The Page Object pattern comes out of the WebDriver project as a way of encapsulating the intent of and interaction with an individual page in your application in a single object. The original implementation of the Page Object pattern was in Java, but recently reference implementations have appeared for Java, C#, and Ruby. But to the best of my knowledge, Python did not have such an example. Until now. The remainder of this article shows how I have successfully used the Page Object pattern in Python (using Selenium, but the approach is driver neutral).
The first thing we do is to distinguish between the page itself and the elements on that page. This difference in turn will determine our inheritance model.
Pages contain both actions implemented as methods (example: login_page.submit()) and web elements, which are themselves separate objects.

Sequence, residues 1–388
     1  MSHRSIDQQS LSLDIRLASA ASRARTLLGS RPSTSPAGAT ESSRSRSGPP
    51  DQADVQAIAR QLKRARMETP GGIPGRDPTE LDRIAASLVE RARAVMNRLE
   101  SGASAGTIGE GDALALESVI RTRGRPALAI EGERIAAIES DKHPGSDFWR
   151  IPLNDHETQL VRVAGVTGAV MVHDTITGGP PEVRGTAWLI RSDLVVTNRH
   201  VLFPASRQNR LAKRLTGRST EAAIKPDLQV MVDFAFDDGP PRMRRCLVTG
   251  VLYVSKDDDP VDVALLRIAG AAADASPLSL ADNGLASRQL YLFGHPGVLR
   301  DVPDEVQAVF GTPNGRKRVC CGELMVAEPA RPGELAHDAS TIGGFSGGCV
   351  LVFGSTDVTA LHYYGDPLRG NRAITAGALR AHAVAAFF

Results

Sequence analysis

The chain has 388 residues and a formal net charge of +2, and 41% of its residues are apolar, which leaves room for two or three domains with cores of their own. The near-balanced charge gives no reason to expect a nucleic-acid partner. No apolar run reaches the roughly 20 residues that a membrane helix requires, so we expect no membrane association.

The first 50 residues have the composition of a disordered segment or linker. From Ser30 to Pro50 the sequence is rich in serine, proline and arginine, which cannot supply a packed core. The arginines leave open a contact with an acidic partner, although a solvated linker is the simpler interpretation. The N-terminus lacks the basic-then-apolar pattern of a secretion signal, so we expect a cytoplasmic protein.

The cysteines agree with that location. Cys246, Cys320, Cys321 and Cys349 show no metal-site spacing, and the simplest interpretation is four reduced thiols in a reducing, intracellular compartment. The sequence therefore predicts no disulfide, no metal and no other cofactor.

Web Elements are the parts of the page that are interacted with to either set up an action or to check the result of one—such as check boxes, text fields, radio buttons, etc.
With these two branches determined, and throwing in the desire to do asserts on pages as well as to make use of as much encapsulation as possible, we arrive at this tree:
This is a good time to detour slightly around how things get organized on disk. When implementing Page Objects in Python, I have found it useful to make use of Packages to organize things. So with our two base classes, things look like this:
Right now, the basePageObject class need not do anything other than exist. What the baseWebElement class looks like will be cleared up shortly.
This allows us to use it as a super class to our actual Page Objects and get all the asserts that come with a TestCase. Here is a Page Object that exists in a majority of systems: the login page.
Don’t write all the element classes for your page up front. Instead, do them incrementally on an as-needed basis so even though the login page might have a clear button and forgot password functionality, neither is defined, as no script needs them yet.